AURORA, Ill. - The race for Aurora mayor is heating up before the non-partisan Feb. 28 primary. Among the candidates who are running is a state lawmaker who just won re-election.
After 12 years of Mayor Tom Weisner, west suburban Aurora will elect a new mayor this year. The non-partisan primary features a Democratic state rep backed by a powerful party leader.
Only four months after winning her eighth term in the Illinois legislature, State Rep Linda Chapa LaVia joined a campaign phone bank.
"We made close to eight thousand phone calls in the last couple of months since December. So we're working hard," said Linda Chapa LaVia, candidate for mayor of Aurora.
Now she is running for mayor of Aurora, her hometown. She'll give up the seat in Springfield to do something she says she's wanted to do all of her life.
"I'm excited about the possibilities of Aurora and doing this full time. I really am," said Chapa LaVia.
Along the Fox River in far west suburban Kane County, Aurora is home for around 200,000 people, making it Illinois' second largest city.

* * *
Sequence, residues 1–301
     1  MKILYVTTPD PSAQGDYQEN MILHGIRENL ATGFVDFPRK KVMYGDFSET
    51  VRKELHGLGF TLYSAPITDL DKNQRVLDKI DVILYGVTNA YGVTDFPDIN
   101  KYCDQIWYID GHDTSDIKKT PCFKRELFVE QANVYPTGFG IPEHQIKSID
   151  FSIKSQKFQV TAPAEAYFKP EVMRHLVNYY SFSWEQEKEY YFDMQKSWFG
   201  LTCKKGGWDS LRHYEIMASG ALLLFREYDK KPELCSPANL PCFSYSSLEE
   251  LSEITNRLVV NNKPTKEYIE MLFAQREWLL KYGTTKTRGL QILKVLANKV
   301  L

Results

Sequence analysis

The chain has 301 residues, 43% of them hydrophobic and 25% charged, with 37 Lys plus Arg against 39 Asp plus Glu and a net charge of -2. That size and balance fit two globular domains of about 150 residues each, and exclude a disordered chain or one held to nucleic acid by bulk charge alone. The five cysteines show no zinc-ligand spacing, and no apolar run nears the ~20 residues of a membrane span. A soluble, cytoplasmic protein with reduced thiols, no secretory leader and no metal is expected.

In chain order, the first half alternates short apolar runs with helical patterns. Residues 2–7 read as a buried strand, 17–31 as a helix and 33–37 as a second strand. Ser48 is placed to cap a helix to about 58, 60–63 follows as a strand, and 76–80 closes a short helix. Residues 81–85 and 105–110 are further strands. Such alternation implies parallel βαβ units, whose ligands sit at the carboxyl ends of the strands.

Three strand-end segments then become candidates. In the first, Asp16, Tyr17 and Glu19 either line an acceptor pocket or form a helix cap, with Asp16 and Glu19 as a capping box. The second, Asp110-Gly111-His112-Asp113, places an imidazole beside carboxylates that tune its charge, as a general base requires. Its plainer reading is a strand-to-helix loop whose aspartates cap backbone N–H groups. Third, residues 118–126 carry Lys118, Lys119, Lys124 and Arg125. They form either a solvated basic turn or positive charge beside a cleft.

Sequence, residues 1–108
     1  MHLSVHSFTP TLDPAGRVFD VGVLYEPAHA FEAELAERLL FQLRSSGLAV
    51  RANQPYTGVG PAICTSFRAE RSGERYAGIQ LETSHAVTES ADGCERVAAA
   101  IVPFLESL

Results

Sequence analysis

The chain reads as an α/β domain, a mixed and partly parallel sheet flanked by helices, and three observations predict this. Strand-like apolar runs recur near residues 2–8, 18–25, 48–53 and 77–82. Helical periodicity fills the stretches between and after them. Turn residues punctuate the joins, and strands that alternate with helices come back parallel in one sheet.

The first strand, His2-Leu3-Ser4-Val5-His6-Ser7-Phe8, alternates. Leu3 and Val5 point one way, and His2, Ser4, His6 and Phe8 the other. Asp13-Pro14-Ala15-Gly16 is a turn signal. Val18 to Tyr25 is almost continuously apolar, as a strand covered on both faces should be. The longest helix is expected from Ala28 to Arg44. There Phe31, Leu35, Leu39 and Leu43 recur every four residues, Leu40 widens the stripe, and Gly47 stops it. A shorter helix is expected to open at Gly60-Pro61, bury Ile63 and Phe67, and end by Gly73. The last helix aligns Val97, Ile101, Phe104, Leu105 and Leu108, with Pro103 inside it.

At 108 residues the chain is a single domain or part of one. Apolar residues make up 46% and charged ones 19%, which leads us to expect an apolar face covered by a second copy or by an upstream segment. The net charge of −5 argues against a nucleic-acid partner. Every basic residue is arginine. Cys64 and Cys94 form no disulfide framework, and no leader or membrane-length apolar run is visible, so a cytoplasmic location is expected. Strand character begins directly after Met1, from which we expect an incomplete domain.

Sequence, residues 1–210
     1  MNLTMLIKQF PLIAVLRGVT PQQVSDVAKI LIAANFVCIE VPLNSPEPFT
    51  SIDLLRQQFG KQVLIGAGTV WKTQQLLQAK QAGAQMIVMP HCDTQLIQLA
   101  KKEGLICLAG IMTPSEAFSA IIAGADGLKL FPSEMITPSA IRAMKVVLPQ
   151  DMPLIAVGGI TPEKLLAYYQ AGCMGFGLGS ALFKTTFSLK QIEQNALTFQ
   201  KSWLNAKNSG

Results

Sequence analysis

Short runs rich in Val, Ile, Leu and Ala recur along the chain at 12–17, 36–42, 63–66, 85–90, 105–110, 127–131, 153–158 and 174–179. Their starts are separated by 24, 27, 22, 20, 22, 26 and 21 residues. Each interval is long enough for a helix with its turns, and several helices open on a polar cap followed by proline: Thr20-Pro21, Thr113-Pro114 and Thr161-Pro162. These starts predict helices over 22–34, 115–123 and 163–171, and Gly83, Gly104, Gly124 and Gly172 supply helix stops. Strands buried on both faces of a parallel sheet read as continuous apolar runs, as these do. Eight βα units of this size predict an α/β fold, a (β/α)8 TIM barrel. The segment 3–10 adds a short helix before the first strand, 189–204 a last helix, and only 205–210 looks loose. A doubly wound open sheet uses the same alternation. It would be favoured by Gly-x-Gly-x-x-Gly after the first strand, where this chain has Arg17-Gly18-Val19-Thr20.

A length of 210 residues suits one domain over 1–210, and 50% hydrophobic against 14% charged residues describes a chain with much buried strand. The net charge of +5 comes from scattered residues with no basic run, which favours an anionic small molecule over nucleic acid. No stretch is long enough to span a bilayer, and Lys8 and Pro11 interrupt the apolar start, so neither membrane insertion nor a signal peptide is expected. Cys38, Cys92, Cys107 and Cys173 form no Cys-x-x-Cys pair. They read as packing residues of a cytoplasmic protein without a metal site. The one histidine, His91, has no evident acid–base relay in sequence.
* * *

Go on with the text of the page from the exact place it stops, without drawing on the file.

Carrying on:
The candidates joining Chapa LaVia on the primary ballot are City Hall staffer Rick Guzman and two aldermen, Michael Saville and Richard Irvin.
"As an Alderman for ten years, I've been directly involved in getting Aurora to where we're at now so we can build on it," said Ald. Richard C. Irvin, candidate for Aurora mayor.
Ald. Irvin and Chapa LaVia's other opponents all say she is a tool of Illinois Democratic Party Chairman House Speaker Mike Madigan, who held a $1,000 a plate fundraiser for the state representative.
Irvin, a former prosecutor, wants Madigan and Democrats to butt out of Aurora's non-partisan mayoral election.
"That means we can have everybody involved. There is no us versus them mentality. We all work together to take Aurora to the next level," said Irwin.
"I have as many Republican supporters right now and my colleagues that I work with in both the Senate and the House than I do here. And nobody here is a Speaker person. Nobody," said Chapa LaVia.
But Irvin said Chapa LaVia's very association with anything Springfield is reason voters should not cast their ballots for her.
"If you look at Illinois, it's the worst run state in the union. We don't want someone from that broken system to tell us what we need to do in Aurora to take us to the next level," said Irvin.
"We have the feel of a hometown girl making it big. At least coming back and becoming the next mayor of Aurora," said Chapa LaVia.
The Aurora election on Feb. 28 is a primary. The top two finishers will face off in April.